The first is management of the household, appointments, shopping, and other assorted tasks that are generally shared across couples and/or housemates. Sweeping a floor or cooking dinner is not emotional labour, but being the person who makes sure that those things are accomplished is. It doesn’t matter whether you get the floor swept by doing it yourself, asking your partner to do it, firing up a Roomba, or hiring a cleaning service; what matters is that you are taking on responsibility for making sure the task is done. This is why people who say that they would be happy to help with the housework if you would just tell them what needs doing are being a lot less helpful than they think. They’re taking the physical labour component of the task but explicitly sticking the other person with the emotional labour component.
The second is taking responsibility for the likes, dislikes, feelings, wants and needs of other people who you are in a relationship with (and to be clear, it doesn’t have to be a romantic relationship). Stereotypical scenarios that are covered by this kind of emotional labour include: the hysterical girlfriend who demands that her boyfriend drop everything he’s doing to comfort her, the husband who comes home tense and moody after a long day at the office and expects to be asked how his day went and listened to and have validating noises made at him, noticing that the other person in a conversation is uncomfortable and steering the conversation to a more pleasant topic without having to be asked, helping a confused friend talk through their feelings about a potential or former partner, reminding your spouse that it’s so-and-so’s birthday and that so-and-so would appreciate being contacted, remembering birthdays and anniversaries and holidays and contacting people and saying or doing the right things on each of those dates.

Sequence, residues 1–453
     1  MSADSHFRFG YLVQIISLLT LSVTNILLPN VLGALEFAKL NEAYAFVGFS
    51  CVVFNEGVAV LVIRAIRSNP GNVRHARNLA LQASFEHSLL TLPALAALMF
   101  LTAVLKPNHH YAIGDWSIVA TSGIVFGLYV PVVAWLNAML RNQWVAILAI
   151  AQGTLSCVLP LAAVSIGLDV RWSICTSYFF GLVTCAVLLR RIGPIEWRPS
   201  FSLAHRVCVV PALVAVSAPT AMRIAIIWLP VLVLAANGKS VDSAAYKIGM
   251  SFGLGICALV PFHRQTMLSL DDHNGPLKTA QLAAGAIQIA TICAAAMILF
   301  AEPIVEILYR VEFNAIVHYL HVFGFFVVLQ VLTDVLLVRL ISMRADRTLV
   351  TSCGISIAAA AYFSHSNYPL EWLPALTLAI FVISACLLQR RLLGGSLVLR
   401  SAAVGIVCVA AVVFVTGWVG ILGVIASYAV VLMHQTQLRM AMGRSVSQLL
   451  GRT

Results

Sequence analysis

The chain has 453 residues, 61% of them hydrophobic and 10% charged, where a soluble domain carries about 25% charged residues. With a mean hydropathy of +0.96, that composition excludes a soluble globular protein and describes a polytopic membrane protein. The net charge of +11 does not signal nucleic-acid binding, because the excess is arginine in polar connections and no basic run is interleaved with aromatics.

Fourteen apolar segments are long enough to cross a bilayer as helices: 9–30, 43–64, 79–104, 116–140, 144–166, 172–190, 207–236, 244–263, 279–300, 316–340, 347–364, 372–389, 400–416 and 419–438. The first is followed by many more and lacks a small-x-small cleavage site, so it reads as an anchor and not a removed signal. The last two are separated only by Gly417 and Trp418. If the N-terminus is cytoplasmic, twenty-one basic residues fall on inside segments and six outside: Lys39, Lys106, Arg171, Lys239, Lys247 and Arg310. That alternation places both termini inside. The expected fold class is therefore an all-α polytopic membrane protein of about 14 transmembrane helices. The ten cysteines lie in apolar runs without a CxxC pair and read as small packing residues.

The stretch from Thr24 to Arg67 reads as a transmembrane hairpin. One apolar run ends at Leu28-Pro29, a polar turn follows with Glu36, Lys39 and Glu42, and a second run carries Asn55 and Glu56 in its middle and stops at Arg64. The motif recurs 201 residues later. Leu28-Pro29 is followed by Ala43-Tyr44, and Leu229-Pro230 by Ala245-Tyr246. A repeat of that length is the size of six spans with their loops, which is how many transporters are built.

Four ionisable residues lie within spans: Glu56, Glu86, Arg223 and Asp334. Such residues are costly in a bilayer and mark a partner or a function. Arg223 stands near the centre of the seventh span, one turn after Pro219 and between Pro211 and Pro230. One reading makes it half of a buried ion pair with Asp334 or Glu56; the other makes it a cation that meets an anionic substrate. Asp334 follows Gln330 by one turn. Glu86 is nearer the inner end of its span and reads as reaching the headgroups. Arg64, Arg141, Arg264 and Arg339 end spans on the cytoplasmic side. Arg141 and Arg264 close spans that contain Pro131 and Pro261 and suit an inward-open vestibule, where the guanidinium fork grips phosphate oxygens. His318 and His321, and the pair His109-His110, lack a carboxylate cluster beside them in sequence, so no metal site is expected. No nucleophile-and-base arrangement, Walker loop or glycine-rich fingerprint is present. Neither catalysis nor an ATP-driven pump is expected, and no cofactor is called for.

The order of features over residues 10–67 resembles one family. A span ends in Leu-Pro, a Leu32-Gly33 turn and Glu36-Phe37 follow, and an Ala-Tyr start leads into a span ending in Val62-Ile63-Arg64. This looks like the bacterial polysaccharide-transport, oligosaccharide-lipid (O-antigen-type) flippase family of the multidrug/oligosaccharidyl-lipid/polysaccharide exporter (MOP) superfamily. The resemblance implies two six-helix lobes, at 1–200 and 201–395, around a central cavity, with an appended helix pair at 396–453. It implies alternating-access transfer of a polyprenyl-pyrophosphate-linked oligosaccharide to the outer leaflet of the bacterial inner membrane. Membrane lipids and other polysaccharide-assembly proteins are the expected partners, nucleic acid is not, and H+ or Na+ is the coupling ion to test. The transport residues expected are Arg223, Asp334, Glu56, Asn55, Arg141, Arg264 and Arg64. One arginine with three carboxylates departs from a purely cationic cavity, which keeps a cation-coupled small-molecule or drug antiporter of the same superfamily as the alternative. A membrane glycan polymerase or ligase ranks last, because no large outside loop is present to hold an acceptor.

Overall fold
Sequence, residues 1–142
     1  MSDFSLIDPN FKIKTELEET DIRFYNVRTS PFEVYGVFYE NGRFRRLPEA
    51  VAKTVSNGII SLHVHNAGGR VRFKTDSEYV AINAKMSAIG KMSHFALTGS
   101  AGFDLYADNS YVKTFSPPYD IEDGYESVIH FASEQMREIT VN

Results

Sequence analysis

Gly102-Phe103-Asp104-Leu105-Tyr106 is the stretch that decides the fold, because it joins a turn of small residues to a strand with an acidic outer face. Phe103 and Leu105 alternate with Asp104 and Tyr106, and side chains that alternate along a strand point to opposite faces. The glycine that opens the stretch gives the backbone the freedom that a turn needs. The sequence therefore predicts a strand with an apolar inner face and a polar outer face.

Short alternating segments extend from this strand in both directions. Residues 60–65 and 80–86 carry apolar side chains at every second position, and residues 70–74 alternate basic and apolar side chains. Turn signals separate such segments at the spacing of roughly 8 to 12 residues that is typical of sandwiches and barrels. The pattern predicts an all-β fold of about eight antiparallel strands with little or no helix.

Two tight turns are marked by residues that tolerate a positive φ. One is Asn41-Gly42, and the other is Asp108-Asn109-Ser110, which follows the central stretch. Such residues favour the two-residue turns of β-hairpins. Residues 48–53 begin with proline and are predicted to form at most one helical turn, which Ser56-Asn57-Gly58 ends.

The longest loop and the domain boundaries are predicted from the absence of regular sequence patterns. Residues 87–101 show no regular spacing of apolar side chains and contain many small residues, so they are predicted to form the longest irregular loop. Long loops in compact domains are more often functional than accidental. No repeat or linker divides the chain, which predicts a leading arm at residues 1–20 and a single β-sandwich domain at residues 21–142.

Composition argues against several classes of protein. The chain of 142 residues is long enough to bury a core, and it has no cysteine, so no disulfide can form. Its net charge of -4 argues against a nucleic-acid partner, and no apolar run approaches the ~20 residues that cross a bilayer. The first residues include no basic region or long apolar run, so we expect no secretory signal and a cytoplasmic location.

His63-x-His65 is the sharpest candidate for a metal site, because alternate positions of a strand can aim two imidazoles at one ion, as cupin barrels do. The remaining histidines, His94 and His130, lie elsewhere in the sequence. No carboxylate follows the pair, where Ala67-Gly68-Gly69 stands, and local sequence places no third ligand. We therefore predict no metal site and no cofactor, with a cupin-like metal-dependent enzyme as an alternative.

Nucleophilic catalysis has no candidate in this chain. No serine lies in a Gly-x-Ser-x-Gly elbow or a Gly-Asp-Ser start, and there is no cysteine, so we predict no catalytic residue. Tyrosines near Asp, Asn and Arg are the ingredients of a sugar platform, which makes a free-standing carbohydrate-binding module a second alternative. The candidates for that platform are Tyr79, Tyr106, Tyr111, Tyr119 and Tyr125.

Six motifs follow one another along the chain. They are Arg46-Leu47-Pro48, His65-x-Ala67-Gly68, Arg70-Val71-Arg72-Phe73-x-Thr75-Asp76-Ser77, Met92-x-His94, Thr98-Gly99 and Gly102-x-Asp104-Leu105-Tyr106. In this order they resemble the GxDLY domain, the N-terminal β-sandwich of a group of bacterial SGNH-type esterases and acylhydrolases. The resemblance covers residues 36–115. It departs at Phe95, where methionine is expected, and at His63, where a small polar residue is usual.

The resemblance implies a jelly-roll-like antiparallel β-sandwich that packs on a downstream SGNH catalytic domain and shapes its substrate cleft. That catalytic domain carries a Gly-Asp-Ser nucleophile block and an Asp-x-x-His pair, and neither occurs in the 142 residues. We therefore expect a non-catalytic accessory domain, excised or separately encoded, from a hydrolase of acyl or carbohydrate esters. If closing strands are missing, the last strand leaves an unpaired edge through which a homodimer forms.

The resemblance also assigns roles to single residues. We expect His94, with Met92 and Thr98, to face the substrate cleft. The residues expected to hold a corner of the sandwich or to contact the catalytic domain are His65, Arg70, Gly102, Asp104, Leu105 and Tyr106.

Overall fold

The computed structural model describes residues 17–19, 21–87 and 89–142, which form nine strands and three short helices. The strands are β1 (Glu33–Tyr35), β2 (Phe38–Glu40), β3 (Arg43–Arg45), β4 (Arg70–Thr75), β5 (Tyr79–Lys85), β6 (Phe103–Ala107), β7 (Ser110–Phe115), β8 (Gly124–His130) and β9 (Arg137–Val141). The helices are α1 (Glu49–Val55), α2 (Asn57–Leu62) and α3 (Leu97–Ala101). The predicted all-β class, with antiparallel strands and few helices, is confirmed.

This overlaps with . Commentary on this concept suggest that it’s a habit that women get into doing more than men. Mothers are good at paying attention to their kids and their needs (as the major caregiver from early on), and stemming from this wives also take care of their husbands. While it would not be fair to suggest that all wives do anything I would be willing to concede that these are habits that people get into and are sometimes socially directed by society.
I am not sure of the overall value of this model but it’s clear that it has some implications about how people organise themselves—for better or worse.
16. Vulnerability—Brene brown
In order to form close connections with people a certain level of vulnerability is necessary. This means that you need to share about yourself in order to give people something to connect to. In the other direction people need to be a certain level of vulnerable to you in order to connect. If you make sure to be open and encouraging and not judge you will enable people to open up to you and connect with you.
Sometimes being vulnerable will get you hurt and you need to be aware of that and not shut down future experiences (continue to be open with people). I see this particularly in people who “take time” to get over relationships. Being vulnerable is a skill that can be practiced. Vulnerability replaced a lot of my ideas about [13 The game]. And would have given me a lot of ideas of how to connect with people, combined with  and . (I have not read her books but I expect them to be useful)